Tag Archives: XD

How to Hire a Great UX Designer

In the midst of the awakening that is happening over the criticality of a quality user experience to product success and in some cases, survival, I’ve seen increasing discussions on line about how to find and keep the best UX design candidates. I think I can help.

Start by (this is going to sound like dating advice) being a good candidate yourself. Think about it. Great UX people are innovators and problem solvers. They are highly motivated by making someone’s experience better than it was before. If one comes to work for you, will you empower them to solve any problems? Will anyone’s experience be altered? Or will you ask for their input, smile and nod and go on with business as usual?

Why would a highly motivated UX designer want to hang around with you? If they offered you strategic design brilliance, would you recognize it? Or would you explain “that’s not what we do here”.

Of course, UX designers, like everyone else, like to be paid well for their expertise. But if you can’t tell the difference between mediocre, good, and excellent UX design direction, or execute on it, you might as well save your cash and hire from the discount bin. If the bottleneck to results is in the organization, the outcome will likely be about the same.

Remember what your mother said, if you want to have a good friend, be one.

– roger

On Hammers & Nails

A visionary is someone who understands the problem at a level of abstraction such that when a potential solution appears, he can spot how it might fit the need, even though it isn’t packaged in a box with a label that says, “Solution to the problem”.

Back when the web happened along, I happened to be studying ways to deliver large amounts of maintenance data to airlines online. The problem was complex. Airlines wanted updates immediately; an updated CDROM every 90 days was not sufficient. Large data transmissions were tedious and error prone. All the client reader solutions required that customers buy and install certain hardware and software.

When http and the Mosaic browser appeared, I instantly saw in it solutions to many of these problems. What’s more, the more I looked at the potential capabilities, the more I saw of possibilities for solving other problems that I had familiarity with. The list seemed to be endless.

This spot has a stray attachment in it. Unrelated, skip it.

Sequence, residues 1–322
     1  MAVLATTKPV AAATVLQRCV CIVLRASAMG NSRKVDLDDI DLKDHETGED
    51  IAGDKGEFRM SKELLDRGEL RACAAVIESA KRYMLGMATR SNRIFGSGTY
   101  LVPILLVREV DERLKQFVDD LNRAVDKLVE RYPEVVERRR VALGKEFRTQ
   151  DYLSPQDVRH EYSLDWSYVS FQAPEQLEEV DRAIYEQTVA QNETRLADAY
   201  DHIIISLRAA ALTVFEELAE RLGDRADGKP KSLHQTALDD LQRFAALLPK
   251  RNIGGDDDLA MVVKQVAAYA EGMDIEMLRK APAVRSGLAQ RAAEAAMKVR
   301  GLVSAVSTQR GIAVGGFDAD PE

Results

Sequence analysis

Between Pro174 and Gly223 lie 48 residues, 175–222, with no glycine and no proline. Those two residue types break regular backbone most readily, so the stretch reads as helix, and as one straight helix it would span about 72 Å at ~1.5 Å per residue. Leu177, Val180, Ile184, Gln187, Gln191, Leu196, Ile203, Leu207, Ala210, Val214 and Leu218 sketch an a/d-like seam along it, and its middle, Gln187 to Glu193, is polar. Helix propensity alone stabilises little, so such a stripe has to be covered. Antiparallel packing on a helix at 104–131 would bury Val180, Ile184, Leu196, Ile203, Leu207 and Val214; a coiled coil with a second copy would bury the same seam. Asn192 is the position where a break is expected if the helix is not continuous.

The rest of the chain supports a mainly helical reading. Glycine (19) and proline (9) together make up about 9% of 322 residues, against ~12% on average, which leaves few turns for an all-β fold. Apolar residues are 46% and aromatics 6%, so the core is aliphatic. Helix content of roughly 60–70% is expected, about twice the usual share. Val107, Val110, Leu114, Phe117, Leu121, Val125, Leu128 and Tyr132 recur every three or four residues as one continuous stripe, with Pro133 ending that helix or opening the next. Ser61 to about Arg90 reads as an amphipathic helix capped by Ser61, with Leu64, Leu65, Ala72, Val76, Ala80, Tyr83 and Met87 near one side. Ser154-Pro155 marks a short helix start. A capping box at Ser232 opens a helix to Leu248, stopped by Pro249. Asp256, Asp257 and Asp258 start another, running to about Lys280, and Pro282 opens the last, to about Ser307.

At that time, the official word on the web from all of my management was that it was just a fad and would never be a company standard. Somewhere in the archives of the Boeing Commercial Airplane Company is a request form with my name listed as the petitioner recommending that http and the web browser (Mosaic was the only one at that time) be adopted as an architectural standard. Attached to it is a copy of my long list of potential applications / problems we could solve using it. That list had been forwarded around the company so much that today, it would certinly be caught by a spam filter for all to fwds in the subject line.

Resistance to such a vision seems like nonsense now, but at the time, I was speaking heresy. And i was speaking it anyone and everyone that would listen.


A colleague chided me saying “To the man with a hammer, everything looks like a nail”. He was right. And now, after nearly two decades of the World Wide Web, it is plainly evident that everything was in fact, a nail.

I saw the future corectly; even my outlandish vision was a gross underestimation.  My only regret is that I was in an ill position to capitalize on it properly. I didn’t start or join a dot.com and I struggled to find a niche among others who shared the same vision.  As the sci-fi stories often conclude, seeing the future and being able to do something about are two different things. I have, however, gotten a little better at it than before.